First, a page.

2016 Year in Review: Part 4

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And here we are, the end of the end. Only two brave writers left standing, willing to take on my weakest questions. It’s all a bit deflating but so was this year. If you missed the past three days of erudite discussion, please head here.

Q: We’ve talked about the disappointment of blockbusters but what about genre pictures with more meager budgets? La La Land is playing now and receiving fairly positive praise despite the burden foisted upon it by the media to singlehandedly revive the Hollywood musical. This year saw its usual share of modest westerns and the occasional horror surprise. For my money, Green Room was a solid siege picture that I’m eager to revisit now that I think it presciently captured my emotional state on election night. And the Coens’ wonderful Hail, Caesar! was a great genre picture because it was a picture about genres. What do you think, which genre was best served in 2016?

Sean Gilman: I don’t know that I saw more than a couple films in any given genre this year, though the ones I did see were pretty strong. The pair of horror films from Korea, The Wailing and Train to Busan nicely encompassed the full spectrum of their genre, from the creepy supernaturalism of the former to the bloody action and suspense of the latter. The WW2-era spy films The Age of Shadows and Allied demonstrated an expert blend of suspense sequences and careful, thoughtful characterization in the former and a resolute commitment to movie star bodies over verisimilitude in setting or plausibility in plotting. The 19th Century English Lit genre (if that’s a thing) saw two truly great films, in the previously mentioned Love & Friendship and A Quiet Passion, while the Hong Kong action film had a bit of a down year. Johnnie To’s Three and Stephen Chow’s The Mermaid are too idiosyncratically auteur films to really fit as answers to this question. Sammo Hung’s My Beloved Bodyguard is graceful and at times quite lovely, while Trivisa, directed by a trio of young Hong Kong filmmakers and Chongqing Hot Pot, by Yang Qing, are solid thrillers, recalling some of the best work of the early 2000s Milkyway Image/Infernal Affairs era. The two best (non English Lit) genre films I saw this year involve determined women bending nature to their will: Anna Biller’s The Love Witch is a masterpiece of genre reconfiguration, of using a discarded generic form to make a vitally current film, while Jaume Collet-Serra’s The Shallows carries on Europacorp’s tradition of well-crafted, slightly absurd yet vastly superior knockoffs of higher prestige Hollywood films, in this case: Gravity with less pretension and more shark.

Ryan Swen: I must confess I’ve always been a bit skeptical of putting most films into neat genres, but one genre whose films I found especially delightful was the coming-of-age genre. Henry Gamble’s Birthday Party and The Edge of Seventeen were two great independent American films that hit entirely too close to home, especially since the former dealt with Christianity and the latter had an Asian boy as one of the key characters. Additionally, in parts of films as disparate as My Golden Days, Sunset Song, Manchester By The Sea, and even the last third of Mountains May Depart, renowned filmmakers took on this idea and put their own unmistakeable signature on it, which again calls into question the importance of genre.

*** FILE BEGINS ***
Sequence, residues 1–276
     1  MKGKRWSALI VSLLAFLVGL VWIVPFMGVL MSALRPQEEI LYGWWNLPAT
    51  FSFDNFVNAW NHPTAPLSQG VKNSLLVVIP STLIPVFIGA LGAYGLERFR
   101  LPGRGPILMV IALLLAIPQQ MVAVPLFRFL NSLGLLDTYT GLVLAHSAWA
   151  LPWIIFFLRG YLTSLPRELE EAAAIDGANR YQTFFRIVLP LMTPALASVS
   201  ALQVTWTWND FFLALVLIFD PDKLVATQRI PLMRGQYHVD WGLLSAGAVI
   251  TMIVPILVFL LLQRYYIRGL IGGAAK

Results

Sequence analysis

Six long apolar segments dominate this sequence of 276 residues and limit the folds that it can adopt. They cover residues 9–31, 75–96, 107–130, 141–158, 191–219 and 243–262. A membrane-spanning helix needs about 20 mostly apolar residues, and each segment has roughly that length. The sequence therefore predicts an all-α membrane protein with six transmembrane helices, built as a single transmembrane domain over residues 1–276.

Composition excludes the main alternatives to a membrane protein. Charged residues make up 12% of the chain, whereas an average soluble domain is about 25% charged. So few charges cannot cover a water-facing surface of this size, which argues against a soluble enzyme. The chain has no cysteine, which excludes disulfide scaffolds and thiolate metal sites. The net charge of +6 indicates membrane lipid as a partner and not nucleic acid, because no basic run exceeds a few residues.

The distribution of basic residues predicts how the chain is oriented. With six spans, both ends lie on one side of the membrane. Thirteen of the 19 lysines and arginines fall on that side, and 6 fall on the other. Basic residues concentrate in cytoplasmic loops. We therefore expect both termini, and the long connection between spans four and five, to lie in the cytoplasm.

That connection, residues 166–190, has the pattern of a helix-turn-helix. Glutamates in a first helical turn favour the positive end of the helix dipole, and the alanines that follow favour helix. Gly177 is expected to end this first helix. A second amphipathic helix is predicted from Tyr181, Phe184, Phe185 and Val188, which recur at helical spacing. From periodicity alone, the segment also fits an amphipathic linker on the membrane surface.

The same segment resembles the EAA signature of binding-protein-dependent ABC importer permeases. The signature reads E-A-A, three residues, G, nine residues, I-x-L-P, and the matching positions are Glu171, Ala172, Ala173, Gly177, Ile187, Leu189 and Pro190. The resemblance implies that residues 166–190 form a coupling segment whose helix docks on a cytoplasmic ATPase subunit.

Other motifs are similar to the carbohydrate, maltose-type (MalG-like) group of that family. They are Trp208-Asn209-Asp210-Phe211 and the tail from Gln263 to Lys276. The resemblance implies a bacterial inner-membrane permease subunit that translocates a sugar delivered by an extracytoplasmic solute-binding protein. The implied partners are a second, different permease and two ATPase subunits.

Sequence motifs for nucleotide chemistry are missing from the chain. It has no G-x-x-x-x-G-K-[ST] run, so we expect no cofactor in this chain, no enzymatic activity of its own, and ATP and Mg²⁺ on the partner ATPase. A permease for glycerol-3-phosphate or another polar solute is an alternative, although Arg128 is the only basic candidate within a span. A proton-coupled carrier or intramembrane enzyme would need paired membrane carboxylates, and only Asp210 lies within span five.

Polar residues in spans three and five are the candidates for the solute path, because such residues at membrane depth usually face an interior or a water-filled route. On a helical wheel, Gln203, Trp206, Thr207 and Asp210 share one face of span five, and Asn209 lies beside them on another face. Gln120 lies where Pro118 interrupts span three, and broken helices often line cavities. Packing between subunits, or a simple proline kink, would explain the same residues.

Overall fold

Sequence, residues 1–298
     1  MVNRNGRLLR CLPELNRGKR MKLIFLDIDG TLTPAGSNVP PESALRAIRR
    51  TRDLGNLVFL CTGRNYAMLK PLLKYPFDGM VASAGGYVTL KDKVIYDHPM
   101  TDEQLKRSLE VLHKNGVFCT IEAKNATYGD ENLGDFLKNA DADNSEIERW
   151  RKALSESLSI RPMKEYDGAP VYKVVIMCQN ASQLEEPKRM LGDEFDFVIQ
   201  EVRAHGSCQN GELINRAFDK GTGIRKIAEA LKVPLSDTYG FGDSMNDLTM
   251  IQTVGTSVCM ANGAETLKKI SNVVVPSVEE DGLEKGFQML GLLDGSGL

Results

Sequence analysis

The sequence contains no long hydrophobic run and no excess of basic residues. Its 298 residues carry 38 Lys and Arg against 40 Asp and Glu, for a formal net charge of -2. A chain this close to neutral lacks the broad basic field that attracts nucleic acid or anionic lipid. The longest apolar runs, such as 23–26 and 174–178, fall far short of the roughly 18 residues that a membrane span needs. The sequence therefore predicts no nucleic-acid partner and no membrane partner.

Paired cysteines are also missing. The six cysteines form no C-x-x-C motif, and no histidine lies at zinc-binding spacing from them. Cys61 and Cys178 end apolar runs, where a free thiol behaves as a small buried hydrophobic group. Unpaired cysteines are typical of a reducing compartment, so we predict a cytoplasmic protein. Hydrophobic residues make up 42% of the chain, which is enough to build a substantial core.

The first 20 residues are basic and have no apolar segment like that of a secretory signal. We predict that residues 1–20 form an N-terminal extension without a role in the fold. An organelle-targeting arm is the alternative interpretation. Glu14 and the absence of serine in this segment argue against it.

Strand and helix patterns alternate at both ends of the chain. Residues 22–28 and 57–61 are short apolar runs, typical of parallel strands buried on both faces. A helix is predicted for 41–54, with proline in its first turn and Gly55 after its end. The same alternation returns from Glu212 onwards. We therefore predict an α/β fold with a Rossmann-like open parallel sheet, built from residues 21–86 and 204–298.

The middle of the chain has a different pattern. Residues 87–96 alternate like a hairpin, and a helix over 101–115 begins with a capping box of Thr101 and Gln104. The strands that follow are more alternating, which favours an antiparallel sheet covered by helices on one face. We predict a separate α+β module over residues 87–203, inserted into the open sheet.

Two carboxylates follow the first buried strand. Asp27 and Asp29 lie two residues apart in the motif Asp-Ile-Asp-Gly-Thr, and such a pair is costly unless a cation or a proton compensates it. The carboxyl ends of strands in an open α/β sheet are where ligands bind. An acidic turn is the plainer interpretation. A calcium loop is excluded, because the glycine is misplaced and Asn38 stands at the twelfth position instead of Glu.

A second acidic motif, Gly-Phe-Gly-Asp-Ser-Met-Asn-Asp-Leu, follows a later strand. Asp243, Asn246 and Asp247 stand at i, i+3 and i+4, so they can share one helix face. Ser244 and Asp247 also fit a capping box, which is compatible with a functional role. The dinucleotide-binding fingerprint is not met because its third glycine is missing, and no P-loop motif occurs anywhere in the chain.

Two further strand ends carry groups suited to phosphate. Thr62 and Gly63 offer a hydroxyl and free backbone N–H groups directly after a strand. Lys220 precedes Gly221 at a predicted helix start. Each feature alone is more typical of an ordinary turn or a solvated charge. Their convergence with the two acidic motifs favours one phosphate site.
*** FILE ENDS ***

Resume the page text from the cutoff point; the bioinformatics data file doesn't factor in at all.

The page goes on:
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Q: Let’s wrap up this look back by looking forward. We’ll dabble in a bit of prophecy. Of all the films released this year, which one do you think will still be talked about 50 years from now? Which film should join the proverbial pantheon?

Ryan Swen: It’s extraordinarily tricky to talk about what films will enter the proverbial pantheon, and even more to predict what will still be talked about (heaven knows many more people will still fondly remember Captain America: Civil War in ten years time than will have seen Certain Women), both in cinephile circles and in the general public. While I would wager all of the best films will be remembered, especially by auteurists, I feel that the only film that will join the pantheon is Toni Erdmann. Even though I haven’t seen it, its impact, epic length, and universal acclaim are impossible to deny, and after all, it seems like the films that get snubbed at awards now receive even more hosannas later.

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Sean Gilman: Two of my leading candidates won’t be released in Seattle until next year: Toni Erdmann (which would be a leading contenders as well for my Best Actor and Best Actress awards) and A Quiet Passion. Setting those aside, Paterson might be Jim Jarmusch’s greatest film, like Stranger than Paradise and Dead Man, it’s a movie I want to crawl inside of and wander around forever.

This also may be the year when the definition of cinema finally evolved to encompass television and the internet as well, with films like Lemonade, Hypernormalization, OJ: Made in America, Justin Timberlake & the Tennessee Kids showing that movies needn’t play in theatres while a show like Horace and Pete turns television into cinema and Marvel’s ongoing serial turns cinema into television. I think there’s a decent chance that in 50 years’ time, people will wonder why we bothered to divide up our moving pictures by distribution channel.
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Well, as a stuttering celluoid swine once uttered, that’s all folks.
Smell ya later, 2016. 
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